View the original article at: http://www.countryweekly.com/vault/cover-story-we-remember-late-great-conway-twitty-1996
 Originally published in the June 7, 1994, issue  of Country Weekly featuring Conway on the cover. This story is presented here in its entirety.
Conway Twitty’s distinctive growl fell silent a year ago this week, but his country music peers, family, friends and fans will never forget the mark this legend made through five decades in show business.
Even a year after his passing, Conway’s music lives on—his duet with rocker Sam Moore, “Rainy Night in Georgia,” receives heavy airplay as the first single released off the smash hit album *Rhythm Country & Blues,* which continues to ride high on the charts.
“When you think of country music, how can you not think of Conway Twitty?” asked his longtime singing partner, Loretta Lynn. “He had one hit right after the other.”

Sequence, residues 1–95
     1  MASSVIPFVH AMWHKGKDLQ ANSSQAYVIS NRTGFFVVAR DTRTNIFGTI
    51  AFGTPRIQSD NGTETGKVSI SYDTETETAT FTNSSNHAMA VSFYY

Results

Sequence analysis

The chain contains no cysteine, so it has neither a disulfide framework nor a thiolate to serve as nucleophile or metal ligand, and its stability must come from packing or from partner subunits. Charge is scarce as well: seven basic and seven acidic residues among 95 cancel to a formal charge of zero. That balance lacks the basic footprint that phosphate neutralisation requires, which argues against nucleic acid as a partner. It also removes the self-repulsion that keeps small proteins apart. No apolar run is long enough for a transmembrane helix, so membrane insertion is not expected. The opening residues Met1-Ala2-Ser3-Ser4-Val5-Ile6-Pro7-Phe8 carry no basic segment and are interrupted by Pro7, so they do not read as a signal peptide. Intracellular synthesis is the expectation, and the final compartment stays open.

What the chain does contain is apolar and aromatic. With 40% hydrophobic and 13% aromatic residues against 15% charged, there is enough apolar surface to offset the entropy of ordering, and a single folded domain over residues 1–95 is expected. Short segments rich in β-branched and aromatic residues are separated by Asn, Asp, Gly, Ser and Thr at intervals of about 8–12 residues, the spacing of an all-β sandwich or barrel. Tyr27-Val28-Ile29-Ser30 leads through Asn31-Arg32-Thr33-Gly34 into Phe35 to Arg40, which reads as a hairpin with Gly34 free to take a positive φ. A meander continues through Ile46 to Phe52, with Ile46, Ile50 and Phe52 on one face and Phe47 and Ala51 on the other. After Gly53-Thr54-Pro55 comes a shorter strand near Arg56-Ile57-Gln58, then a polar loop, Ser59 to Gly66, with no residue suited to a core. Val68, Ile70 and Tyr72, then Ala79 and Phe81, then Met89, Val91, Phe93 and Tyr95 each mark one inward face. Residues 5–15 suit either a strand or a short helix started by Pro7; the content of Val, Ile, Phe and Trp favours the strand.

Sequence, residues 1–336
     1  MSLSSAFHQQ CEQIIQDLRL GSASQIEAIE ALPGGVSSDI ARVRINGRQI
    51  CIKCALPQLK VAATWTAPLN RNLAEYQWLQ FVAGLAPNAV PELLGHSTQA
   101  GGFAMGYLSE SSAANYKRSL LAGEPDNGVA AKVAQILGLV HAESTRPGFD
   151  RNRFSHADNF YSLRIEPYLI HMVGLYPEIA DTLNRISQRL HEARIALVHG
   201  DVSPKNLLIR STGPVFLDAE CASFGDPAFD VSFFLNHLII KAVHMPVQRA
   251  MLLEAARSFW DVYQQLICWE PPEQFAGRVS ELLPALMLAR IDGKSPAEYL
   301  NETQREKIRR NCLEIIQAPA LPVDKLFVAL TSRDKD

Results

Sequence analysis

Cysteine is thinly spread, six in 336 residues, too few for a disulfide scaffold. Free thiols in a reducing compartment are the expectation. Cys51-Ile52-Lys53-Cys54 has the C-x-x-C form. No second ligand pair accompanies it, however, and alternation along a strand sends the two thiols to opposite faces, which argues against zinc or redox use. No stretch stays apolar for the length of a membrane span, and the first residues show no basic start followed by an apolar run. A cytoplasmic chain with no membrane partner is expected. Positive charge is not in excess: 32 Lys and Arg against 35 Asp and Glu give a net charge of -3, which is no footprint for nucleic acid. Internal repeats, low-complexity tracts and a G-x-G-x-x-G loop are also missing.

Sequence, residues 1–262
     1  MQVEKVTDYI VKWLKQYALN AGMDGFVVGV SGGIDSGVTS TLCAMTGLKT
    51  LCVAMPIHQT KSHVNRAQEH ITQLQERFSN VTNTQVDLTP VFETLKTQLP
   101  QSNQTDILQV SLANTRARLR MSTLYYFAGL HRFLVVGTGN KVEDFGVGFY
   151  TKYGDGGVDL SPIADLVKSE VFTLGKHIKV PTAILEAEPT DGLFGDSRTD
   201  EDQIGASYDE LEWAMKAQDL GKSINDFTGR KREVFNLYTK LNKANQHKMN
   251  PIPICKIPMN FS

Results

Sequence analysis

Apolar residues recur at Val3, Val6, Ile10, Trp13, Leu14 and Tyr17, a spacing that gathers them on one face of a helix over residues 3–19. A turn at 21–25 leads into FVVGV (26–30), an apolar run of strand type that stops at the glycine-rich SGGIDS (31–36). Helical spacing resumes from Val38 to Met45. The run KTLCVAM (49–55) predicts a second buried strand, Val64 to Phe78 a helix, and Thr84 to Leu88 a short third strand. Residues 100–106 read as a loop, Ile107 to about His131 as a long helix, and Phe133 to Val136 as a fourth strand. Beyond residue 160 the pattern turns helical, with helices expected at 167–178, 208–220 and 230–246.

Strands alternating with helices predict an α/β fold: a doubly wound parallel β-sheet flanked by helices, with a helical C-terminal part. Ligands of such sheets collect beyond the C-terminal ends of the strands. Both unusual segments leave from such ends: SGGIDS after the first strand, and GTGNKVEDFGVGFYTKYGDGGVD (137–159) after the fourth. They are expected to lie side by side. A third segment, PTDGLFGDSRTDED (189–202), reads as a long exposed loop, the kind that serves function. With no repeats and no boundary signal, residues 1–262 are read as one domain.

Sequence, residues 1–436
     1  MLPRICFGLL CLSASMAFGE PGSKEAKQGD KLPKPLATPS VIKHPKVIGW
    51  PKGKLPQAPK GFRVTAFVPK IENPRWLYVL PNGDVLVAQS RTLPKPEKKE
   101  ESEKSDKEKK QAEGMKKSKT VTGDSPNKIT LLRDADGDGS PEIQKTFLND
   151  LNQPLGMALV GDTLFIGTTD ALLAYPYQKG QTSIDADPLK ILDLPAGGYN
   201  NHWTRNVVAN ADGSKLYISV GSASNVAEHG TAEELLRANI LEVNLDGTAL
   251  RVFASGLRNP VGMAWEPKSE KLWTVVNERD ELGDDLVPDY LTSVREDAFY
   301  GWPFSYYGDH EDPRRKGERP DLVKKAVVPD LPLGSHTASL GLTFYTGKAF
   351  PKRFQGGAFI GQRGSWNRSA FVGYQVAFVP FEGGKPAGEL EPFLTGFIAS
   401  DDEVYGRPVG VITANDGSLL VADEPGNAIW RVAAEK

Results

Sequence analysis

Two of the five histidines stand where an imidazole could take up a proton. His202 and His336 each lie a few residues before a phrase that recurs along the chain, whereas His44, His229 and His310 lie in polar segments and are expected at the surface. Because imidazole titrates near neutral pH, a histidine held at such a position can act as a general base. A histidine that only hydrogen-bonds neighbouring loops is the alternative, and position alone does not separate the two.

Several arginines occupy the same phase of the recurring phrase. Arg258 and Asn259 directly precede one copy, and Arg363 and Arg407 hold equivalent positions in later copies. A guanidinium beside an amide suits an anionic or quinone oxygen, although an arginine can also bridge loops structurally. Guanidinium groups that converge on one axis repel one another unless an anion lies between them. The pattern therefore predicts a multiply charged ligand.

As a country music artist, Conway’s string of 75 Top 10 hits placed him behind only two others—Eddy Arnold (92) and George Jones (79). No country singer ever recorded as many No. 1 hits.
Among the 2,000 who crowded into the memorial service last June were those who felt a special closeness to the star: Reba McEntire, Garth Brooks, Barbara Mandrell, Mickey Gilley, Tammy Wynette, “Little” Jimmy Dickens and the Oak Ridge Boys all said farewell, as did Vince Gill, who got his first gig as a harmony singer with Conway and went on to sing on his albums for six years.
Born Harold Lloyd Jenkins, he came up with the name Conway Twitty by looking at a map and combining Conway, Ark., with Twitty, Texas—but his name was not his only unique quality. In his first recording session, a technician detected an unexpected sound. A nervous Harold Jenkins asked if he should start over, but, thankfully, the growl was left in.